Reed-Fitzke and Duncan Receive Grant to Help Identify At-Risk Soldiers

Reed-Fitzke and Duncan
Reed-Fitzke (right) and Duncan

NCFR members Kayla Reed-Fitzke, Ph.D., LMFT, and James M. Duncan, Ph.D., CFLE, DAV, have received a Society for Military Psychology Member/Affiliate Research Grant to conduct research into how to help at-risk soldiers get the support needed to be safe and successful early in their careers. The $2,500 grant will help fund the research project, "Identifying At-Risk U.S. Army Soldiers: A Person-Centered Approach to Adverse Childhood Experiences." 

Dr. Reed Fitzke, an assistant professor in the University of Iowa College of Education’s Couple and Family Therapy Program, is the principal investigator. Dr. Duncan, an adjunct professor in the University of Arkansas School of Human Envionrmental Sciences, is the co-investigator.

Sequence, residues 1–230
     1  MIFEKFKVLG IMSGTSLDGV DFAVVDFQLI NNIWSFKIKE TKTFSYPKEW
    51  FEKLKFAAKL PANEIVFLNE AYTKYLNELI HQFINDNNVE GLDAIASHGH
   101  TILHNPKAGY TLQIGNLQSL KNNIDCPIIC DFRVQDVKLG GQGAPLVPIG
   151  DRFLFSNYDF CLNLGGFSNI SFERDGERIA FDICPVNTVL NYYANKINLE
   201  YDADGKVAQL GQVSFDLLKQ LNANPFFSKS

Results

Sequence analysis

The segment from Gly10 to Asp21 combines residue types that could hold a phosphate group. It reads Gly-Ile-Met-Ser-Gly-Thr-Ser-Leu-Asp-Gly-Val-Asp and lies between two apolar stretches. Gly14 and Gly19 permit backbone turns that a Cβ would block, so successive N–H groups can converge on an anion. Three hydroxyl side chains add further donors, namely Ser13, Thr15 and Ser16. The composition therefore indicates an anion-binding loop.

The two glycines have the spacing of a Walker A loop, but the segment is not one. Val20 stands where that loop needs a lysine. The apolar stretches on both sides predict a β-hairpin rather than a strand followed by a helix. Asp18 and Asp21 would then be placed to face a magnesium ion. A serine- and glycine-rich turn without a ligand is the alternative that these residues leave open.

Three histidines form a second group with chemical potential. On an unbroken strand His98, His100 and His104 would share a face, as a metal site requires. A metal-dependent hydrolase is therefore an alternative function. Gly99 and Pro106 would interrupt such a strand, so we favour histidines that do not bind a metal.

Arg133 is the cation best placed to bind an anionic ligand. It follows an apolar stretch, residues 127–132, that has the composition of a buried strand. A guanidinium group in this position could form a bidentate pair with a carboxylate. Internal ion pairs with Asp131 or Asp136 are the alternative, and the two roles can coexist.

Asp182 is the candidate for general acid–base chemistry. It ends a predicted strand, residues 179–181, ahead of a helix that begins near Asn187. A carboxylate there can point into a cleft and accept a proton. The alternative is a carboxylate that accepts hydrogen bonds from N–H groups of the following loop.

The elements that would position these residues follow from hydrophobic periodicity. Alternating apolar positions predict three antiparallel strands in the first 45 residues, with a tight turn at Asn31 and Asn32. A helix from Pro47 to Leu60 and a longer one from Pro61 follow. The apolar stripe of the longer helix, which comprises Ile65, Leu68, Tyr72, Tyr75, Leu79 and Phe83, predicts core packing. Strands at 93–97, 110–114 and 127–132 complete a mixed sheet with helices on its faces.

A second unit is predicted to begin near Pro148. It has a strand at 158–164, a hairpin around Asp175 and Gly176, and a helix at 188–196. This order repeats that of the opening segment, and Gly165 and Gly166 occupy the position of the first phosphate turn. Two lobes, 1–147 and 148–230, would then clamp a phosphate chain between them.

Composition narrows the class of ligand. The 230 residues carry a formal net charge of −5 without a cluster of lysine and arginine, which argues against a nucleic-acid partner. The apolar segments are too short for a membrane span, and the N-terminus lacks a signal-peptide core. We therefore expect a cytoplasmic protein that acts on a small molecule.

This study seeks to identify at-risk early career service members by using a novel, person-centered approach to examine adverse childhood experiences (ACEs), combat-related stressors, and mental health. Adverse childhood experiences include verbal, physical, or sexual abuse, as well as family dysfunction, such as an incarcerated, mentally ill, or substance-abusing family member; domestic violence; or absence of a parent because of divorce or separation.

Dr. Reed Fitzke says the research is critical because more than 3.5 million individuals serve in some capacity in the U.S. Armed Forces. As service members train and progress through their military careers, they will be confronted with numerous stressors, such as future deployment overseas, she says. Empirical evidence indicates that ACEs are a critical public health concern because they are linked to mental health disorders and several leading causes of death, she says.

“Given the military’s desire to to maintain mission readiness and respond to rising global threats quickly, it is imperative to identify areas of intervention early in the service member’s career to help promote optimal functioning and health,” Dr. Reed Fitzke says. “Using ACEs to help identify at-risk soldiers will bolster targeted intervention efforts.”